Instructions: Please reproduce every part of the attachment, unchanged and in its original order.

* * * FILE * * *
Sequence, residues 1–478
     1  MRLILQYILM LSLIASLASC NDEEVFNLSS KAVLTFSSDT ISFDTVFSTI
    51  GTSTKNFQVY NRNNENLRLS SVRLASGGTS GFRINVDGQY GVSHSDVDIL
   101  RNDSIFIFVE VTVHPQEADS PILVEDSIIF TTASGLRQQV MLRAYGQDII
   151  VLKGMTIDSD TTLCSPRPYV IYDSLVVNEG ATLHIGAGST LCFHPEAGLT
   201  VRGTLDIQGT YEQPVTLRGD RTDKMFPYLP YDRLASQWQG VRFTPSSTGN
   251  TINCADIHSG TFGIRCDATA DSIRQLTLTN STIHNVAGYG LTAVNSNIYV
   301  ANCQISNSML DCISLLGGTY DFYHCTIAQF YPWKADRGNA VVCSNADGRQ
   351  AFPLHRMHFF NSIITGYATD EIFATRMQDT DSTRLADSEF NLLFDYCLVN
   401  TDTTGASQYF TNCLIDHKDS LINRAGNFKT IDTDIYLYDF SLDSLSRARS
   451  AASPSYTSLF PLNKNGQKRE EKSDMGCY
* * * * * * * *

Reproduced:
Sequence, residues 1–478
     1  MRLILQYILM LSLIASLASC NDEEVFNLSS KAVLTFSSDT ISFDTVFSTI
    51  GTSTKNFQVY NRNNENLRLS SVRLASGGTS GFRINVDGQY GVSHSDVDIL
   101  RNDSIFIFVE VTVHPQEADS PILVEDSIIF TTASGLRQQV MLRAYGQDII
   151  VLKGMTIDSD TTLCSPRPYV IYDSLVVNEG ATLHIGAGST LCFHPEAGLT
   201  VRGTLDIQGT YEQPVTLRGD RTDKMFPYLP YDRLASQWQG VRFTPSSTGN
   251  TINCADIHSG TFGIRCDATA DSIRQLTLTN STIHNVAGYG LTAVNSNIYV
   301  ANCQISNSML DCISLLGGTY DFYHCTIAQF YPWKADRGNA VVCSNADGRQ
   351  AFPLHRMHFF NSIITGYATD EIFATRMQDT DSTRLADSEF NLLFDYCLVN
   401  TDTTGASQYF TNCLIDHKDS LINRAGNFKT IDTDIYLYDF SLDSLSRARS
   451  AASPSYTSLF PLNKNGQKRE EKSDMGCY